mother received a call saying that her son wants to leave rehab earlier.

Why Addicts Try to Leave Rehab – and What to Do

When the phone rings and your loved one demands to leave rehab, don’t despair. Here are some tactics to help address their needs while keeping them in the safety of treatment.

For most people, the journey to rehab is a long one. People have to work through a range of emotions and defense mechanisms until they can accept that they have a problem and they need help. As a close friend or family member, you have likely witnessed this painstaking process, supported their positive decisions, and have welcomed their entry into rehab with a mixture of relief and hope.

So when your loved one or someone from the rehab centre calls and says they want to come home early, it’s hard to know exactly what to think – or how to respond. Understanding addiction, including the body’s physical and emotional responses to the removal of an addictive substance, can help you assess where these requests for early departure are really coming from, and how to address these issues constructively.

Moment of Truth? Breaking down the Initial Phone Call

Your heart is racing, your head is pounding, and thoughts are flying through your mind; your loved one has just called and told you in no uncertain terms that they need to leave rehab immediately. Common reasons that people struggling with addiction give for an early departure from rehab include:

  • “I just can’t do this”
  • “I’m not ready”
  • “The facility is not clean”
  • “The food here is terrible”
  • “The staff don’t know what they are doing”
  • “The people here are mean and mistreating me”
  • “Everyone here is using”
  • “I’m already past my addiction and ready to come home”
  • And many more…

In most cases, there are powerful emotions and responses to the removal of an addictive substance that are driving the reasoning to leave rehab. These can include:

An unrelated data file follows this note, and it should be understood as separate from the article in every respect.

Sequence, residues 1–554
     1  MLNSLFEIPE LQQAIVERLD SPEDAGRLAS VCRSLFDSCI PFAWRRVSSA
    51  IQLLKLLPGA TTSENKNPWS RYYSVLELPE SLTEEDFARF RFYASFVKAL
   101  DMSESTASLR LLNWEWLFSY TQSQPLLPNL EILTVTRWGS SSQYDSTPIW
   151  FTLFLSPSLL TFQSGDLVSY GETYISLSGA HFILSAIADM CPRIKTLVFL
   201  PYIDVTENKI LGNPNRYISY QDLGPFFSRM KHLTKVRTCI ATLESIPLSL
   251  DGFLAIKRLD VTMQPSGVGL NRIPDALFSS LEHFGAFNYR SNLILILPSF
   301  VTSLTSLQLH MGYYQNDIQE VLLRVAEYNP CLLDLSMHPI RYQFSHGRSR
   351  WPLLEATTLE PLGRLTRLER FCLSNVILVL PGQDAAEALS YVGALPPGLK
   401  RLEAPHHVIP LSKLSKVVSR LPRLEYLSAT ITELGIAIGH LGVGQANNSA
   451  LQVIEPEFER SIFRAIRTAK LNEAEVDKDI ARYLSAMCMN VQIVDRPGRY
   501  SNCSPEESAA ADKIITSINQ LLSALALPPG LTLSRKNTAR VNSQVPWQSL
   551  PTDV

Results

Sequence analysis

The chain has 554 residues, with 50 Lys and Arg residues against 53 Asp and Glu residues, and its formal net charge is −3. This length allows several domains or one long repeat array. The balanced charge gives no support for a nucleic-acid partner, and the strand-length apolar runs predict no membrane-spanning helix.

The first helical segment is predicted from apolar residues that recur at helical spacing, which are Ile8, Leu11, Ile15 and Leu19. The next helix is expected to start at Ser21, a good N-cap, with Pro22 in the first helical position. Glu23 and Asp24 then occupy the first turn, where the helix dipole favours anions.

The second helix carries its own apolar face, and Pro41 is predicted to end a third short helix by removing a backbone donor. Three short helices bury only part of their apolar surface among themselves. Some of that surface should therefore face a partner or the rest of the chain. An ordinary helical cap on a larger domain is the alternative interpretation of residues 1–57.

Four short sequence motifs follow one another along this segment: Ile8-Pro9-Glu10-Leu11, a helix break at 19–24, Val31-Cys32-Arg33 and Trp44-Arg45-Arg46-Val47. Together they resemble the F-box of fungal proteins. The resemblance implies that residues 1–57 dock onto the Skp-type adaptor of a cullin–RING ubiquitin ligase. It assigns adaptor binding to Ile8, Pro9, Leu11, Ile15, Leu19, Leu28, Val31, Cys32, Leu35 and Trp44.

• Fear and withdrawal – most common in the first few days of rehab, the physical discomfort and realisation that the addictive substance is really gone can result in your loved one calling and begging, pleading, threatening, or making promises in order to come home immediately
  • Overconfidence – they have gotten through withdrawal, began to engage in treatment and have come to the conclusion that they are truly cured and there’s no reason to waste another minute in rehab – even though they’ve been there less than the generally minimally required 30 days
  • Need to Use the clarity of sobriety has laid bare all the issues and trauma an addict has been able to successfully avoid through an addiction, and it is driving an intense need to use again. This in turn leads them to their old devices – deception and manipulation – to leave treatment.

How to Handle a Demand to Leave Rehab Early

You’ve listened to your loved one’s pleas and demands, and now it’s your turn to respond. First take a deep breath, and try to remain calm and steady. Then you can tell them, “You have made it for this many days in rehab, you can wait another 24 hours while I find another treatment centre for you to go to so that you can finish your treatment there.” 

This statement is constructive for several reasons. The first is that it gives your loved one and those working at the treatment centre time to work through these desperate feelings. Many times, this strong urge to leave will pass, and your loved one will settle back into treatment on their own.

This also gives you time to call the appropriate contact person at the rehab facility to find out what is really going on and to act accordingly. Listen to their professional opinion from a neutral basis then weigh the situation – keeping in mind that the addiction disorder often drives people to be manipulative and dishonest, as well as the original reasons for seeking professional help. Investigating the situation yourself will help build your confidence in your decision-making regarding your loved one’s treatment.